Taxes along the 'blue wall' emerge as a key UK election battleground

Britain's three main political parties all want to be seen as having the best plans for reducing the tax burden on voters

The tax burden on voters is shaping up to be the major battleground in the UK's general election expected later this year. PA
Powered by automated translation

Jonas Gahr Stoere is not a name that trips lightly off the tongue of British voters but his loss in Norway's 2017 general election is one that haunts the UK Labour party as it looks to convert its 20-point lead in the polls to victory in the 2024 race to Downing Street.

Morgan McSweeney, the electoral guru appointed by Keir Starmer to win the election, used Mr Stoere as an object lesson for the party is a slide show presentation. The lesson was that Mr Stoere's 37 per cent to 23 per cent lead in the polls in 2016 had evaporated by 2017 and Conservative Prime Minister Erna Solberg was re-elected.

The reason for the shock defeat – a highlight of Mr McSweeney's pep talk “How to Predict the Weather: The Polling Leads Edition” – was Mr Stoere's promise to raise taxes.

Tax is the key battleground of the forthcoming British election. Mo parliament in history has raised the tax burden so high. Mr Starmer and Prime Minister Rishi Sunak know that sounding the right note on taxes is key to the outcome.

Mr Sunak spent the first week of the new year heralding Saturday's cut in the payroll, the National Insurance levy, from 12 per cent to 10 per cent, claiming to deliver tax cuts for 27 million people, worth on average £450 a year.

He even highlighted taxes as the reason for pushing an election into the second half of 2024.

“I want to keep going, managing the economy well and cutting people’s taxes,” he said.

True to his strategists' formula, Mr Starmer is making no promises on taxes until the economy, currently on the brink of recession, starts improving.

“The first lever that we want to pull, the first place we will go, is growth in our economy,” he said on Thursday.

UK opposition parties are hopeful the government's promises on headline tax cuts will fall flat because people have never paid more tax and under Mr Sunak's Chancellor Jeremy Hunt, things will stay that way. His autumn statement revealed that income tax thresholds will stay frozen until 2027/28.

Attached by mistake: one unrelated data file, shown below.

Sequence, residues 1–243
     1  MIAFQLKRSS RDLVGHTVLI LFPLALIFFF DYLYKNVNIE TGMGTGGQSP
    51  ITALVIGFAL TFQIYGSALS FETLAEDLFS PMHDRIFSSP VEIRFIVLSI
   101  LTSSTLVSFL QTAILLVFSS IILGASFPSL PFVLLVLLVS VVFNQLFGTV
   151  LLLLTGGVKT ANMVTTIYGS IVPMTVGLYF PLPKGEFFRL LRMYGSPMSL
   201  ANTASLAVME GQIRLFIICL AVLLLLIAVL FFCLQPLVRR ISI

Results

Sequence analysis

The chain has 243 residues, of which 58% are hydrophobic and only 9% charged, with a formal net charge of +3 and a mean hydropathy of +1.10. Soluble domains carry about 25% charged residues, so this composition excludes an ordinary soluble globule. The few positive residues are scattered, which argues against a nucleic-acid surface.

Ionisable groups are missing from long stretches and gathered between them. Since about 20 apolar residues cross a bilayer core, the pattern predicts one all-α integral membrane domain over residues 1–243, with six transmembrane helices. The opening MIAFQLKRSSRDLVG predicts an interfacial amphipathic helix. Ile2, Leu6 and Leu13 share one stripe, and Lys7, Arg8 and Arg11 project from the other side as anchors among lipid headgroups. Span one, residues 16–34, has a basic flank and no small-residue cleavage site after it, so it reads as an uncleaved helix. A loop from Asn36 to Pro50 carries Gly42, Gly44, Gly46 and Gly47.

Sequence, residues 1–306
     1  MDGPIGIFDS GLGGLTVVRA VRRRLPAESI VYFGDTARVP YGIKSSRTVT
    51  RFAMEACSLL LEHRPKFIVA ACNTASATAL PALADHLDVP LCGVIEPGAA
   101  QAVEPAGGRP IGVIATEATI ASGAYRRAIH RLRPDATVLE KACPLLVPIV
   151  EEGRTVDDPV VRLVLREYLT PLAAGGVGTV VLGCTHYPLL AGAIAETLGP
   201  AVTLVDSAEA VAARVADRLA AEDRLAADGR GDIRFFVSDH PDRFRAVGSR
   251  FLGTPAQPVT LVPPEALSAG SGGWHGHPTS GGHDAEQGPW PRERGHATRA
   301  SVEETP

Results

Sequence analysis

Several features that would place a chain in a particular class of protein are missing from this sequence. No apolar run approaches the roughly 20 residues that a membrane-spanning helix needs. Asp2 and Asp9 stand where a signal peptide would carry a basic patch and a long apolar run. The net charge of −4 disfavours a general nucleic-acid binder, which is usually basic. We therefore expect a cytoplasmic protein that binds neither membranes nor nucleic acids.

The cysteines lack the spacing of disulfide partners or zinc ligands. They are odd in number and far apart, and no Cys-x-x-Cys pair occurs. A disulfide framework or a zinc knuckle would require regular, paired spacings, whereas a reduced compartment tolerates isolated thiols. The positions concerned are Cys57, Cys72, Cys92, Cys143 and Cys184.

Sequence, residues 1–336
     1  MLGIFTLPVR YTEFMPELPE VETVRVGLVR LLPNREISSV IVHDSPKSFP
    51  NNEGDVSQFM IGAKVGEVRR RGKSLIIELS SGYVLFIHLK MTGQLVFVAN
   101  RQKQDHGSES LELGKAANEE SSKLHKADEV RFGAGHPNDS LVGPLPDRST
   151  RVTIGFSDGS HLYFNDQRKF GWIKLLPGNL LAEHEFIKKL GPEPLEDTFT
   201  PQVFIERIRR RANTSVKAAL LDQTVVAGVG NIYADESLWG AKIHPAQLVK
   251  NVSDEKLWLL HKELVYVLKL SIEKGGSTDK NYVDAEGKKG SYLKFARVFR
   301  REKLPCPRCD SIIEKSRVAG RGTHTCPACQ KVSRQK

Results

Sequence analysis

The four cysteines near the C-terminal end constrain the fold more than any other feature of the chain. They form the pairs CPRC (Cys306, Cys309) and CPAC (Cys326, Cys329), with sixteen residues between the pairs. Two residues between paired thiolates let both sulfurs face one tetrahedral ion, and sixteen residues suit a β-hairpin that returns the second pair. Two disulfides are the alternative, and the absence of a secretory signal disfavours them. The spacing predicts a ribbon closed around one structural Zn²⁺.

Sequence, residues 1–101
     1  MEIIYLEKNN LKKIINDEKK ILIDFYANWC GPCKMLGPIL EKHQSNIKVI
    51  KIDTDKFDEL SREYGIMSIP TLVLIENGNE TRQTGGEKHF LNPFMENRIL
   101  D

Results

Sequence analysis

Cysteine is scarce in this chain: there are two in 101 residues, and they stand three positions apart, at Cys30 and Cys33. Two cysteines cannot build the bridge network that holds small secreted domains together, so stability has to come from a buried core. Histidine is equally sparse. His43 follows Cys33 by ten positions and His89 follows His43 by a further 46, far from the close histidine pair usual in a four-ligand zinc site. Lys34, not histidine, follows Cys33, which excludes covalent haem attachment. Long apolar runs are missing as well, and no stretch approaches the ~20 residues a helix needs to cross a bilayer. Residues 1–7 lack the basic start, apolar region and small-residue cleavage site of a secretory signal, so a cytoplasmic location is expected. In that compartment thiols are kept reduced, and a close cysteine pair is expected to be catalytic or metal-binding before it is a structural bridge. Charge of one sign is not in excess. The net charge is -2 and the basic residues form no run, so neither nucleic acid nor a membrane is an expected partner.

The picture of a squeezed electorate drives most analysis of the 2024 election. A large slice of voters in the UK are defined by polling work from the Portland agency as apathetic. The latest figures suggest 13 per cent fall into the apathetic category, with the cost of living of highest importance. According to this poll, only 2 per cent of these voters think the government is doing a good job, compared to 83 per cent saying it is doing badly.

While the apathetic are for now mostly lower income, the danger for the government is an ever wider net of potential voters is being pulled into the tax net and thus at risk of alienation. Wage growth in regular earnings ran at 7.3 per cent in the period between August and October last year, pushing more and more people over the line.

This is known as fiscal drag and becomes particularly pronounced in more affluent areas, as salaries increase in line with inflation, but tax thresholds don't.

Taxpayers in London and the South East are hardest by Mr Hunt's decision to freeze income tax thresholds in the year British voters go to polls, according to new research commissioned by the Liberal Democrats.

“1.1 million people or one third of all those being dragged into the higher rate in the coming years will be in either the capital or the South East,” the document said.

UK tax falls into a few bands: the first £12,571 of a person's salary is free from tax, referred to as the personal allowance. Between earnings of £12,571 and £50,270, a 20 per cent tax is levied in the basic rate band. A 40 per cent charge is made in the higher rate band on earnings between £50,271 and £125,140 and earnings over £125,140 are subject to an additional tax rate of 45 per cent.

According to the Office for Budgetary Responsibility (OBR), the frozen tax thresholds mean by the end of the 2028/29 tax year, nearly four million additional people will be expected to pay income tax, three million more will have moved to the higher rate and 400,000 more on to the additional rate.

This means that there will be more taxpayers at each level – 11 per cent in the basic rate band, 68 per cent at the higher rate and 49 per cent at the additional rate, the OBR said.